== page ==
What are the key factors prompting companies to initiate strategic evolutions?

 

Technological disruption

 

Rapid evolutions in technology, in particular the adoption of AI and the robotisation across all industries, are forcing companies to forge more strategic combinations.

 

According to Deloitte’s survey “The state of the deal M&A trends 2018”, based on the consultation of 1,000 executives at corporations and private equity firms, Technology Acquisition (TA)  is the new No. 1 driver of M&A pursuits, ahead of expanding customer bases in existing markets, or adding to products or services. Acquiring technology or a digital strategy accounted for about a third of all deals being pursued. 

 

Twitter: @Deloitte

 

Looking ahead as new high profile data leaks continue to hit headlines, and amidst a political climate dominated by accusations of election hackings and cybercrime, internet security specialists will continue to be sought after assets. We’re certain to see more deals like Microsoft’s €84m (c.£74m) purchase of Hexadite. Meanwhile 2017 saw €18bn (c.£16bn) invested in M&A in AI, 26 times more than in 2016.

 

Read the original article on: TMT Finance  

Twitter @TMTFinance

 

Seeking additional earnings when organic growth is too slow

 

Many companies are seeking to increase earnings in an economic environment where organic growth may be improving but not fast enough. Deals are often still the best solution to that problem.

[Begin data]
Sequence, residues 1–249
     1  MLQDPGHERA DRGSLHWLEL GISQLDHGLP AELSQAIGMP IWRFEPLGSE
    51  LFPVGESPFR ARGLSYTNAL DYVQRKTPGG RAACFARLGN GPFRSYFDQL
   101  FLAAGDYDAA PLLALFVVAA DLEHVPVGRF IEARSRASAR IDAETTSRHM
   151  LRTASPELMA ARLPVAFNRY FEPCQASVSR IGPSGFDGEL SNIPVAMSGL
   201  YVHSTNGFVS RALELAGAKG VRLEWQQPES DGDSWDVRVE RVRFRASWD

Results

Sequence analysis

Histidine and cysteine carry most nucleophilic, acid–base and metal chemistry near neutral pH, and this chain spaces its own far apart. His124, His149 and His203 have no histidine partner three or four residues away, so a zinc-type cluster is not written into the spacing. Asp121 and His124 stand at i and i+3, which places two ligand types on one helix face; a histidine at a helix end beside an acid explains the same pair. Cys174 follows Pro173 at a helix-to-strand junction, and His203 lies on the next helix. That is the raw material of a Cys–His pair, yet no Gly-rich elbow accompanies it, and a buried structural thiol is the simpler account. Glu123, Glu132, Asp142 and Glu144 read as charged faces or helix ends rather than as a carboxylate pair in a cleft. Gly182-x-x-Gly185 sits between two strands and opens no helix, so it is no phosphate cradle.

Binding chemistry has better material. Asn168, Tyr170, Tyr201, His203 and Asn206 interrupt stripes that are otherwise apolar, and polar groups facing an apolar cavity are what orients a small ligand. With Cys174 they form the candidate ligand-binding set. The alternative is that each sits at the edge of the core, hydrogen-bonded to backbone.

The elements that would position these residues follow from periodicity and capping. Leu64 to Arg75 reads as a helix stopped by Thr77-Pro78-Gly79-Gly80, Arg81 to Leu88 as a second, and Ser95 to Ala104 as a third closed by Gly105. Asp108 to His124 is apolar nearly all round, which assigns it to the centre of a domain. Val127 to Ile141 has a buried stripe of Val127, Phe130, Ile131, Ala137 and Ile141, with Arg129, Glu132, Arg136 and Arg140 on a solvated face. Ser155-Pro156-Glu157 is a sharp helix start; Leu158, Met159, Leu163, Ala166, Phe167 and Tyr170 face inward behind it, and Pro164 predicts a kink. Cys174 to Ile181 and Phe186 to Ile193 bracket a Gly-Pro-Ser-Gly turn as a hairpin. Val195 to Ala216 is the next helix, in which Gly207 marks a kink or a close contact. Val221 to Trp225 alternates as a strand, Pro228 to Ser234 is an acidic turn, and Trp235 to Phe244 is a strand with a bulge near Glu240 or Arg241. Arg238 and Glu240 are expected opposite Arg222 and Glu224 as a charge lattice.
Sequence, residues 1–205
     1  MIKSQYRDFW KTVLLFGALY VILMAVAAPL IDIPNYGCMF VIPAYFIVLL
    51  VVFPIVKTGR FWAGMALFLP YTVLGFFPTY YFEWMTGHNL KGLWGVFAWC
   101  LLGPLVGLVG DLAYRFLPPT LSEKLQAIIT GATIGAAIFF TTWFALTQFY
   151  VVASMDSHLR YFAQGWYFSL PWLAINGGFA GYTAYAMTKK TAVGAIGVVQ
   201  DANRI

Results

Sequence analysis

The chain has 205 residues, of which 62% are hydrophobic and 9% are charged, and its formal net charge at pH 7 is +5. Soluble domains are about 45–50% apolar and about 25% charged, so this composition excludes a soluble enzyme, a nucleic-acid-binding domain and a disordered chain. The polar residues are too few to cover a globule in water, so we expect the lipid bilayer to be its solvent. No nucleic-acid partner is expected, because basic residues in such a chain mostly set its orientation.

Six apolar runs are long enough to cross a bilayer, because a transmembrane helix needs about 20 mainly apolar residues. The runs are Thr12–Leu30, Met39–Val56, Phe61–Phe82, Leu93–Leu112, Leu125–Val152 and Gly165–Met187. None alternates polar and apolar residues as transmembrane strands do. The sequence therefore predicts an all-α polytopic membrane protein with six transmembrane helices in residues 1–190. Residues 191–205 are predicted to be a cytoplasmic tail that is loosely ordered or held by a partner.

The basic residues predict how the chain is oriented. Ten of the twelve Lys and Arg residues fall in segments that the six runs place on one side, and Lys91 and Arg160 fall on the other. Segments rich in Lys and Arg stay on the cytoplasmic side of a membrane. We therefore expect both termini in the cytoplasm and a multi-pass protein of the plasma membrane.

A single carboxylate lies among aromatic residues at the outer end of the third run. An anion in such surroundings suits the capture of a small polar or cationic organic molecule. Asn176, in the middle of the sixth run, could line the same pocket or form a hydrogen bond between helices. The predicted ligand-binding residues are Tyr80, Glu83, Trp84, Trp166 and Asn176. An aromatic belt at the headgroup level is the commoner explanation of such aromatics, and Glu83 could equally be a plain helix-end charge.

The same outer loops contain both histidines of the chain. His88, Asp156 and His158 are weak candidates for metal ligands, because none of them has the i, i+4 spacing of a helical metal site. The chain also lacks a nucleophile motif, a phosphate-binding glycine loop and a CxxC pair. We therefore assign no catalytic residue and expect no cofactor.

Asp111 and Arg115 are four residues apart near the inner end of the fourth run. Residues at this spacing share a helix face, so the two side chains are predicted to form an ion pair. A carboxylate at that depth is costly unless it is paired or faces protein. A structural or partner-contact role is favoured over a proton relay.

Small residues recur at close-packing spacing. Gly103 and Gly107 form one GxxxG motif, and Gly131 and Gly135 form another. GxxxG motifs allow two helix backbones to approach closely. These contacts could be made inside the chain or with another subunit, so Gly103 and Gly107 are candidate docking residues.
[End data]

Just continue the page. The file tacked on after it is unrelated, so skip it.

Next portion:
Source: Financial Times, Friday 29 June 2018 - Big-ticket deals spur record global M&A boom

Twitter @FT

 

Succession planning

 

With a significant portion of majority owners and directors nearing the retirement age over the next two decades, succession planning is an ever-pressing issue that often times gets overlooked.

 

Disposing of the business interests can cover one or a combination of the following options:

  • Transferring the interests on to members of the owner’s family

  • Selling share in the business to co-owners or partners

  • Selling the business to a third party

  • Public flotation or sale to a public company

  • Selling the business to the management or entire workforce

All these cases represent a highly sensitive change for the firm which need to be properly analysed, selected, structured and implemented based on key strategic objectives and interests of the key stakeholders: existing owners, management, employees and clients.  

 

 

 

 

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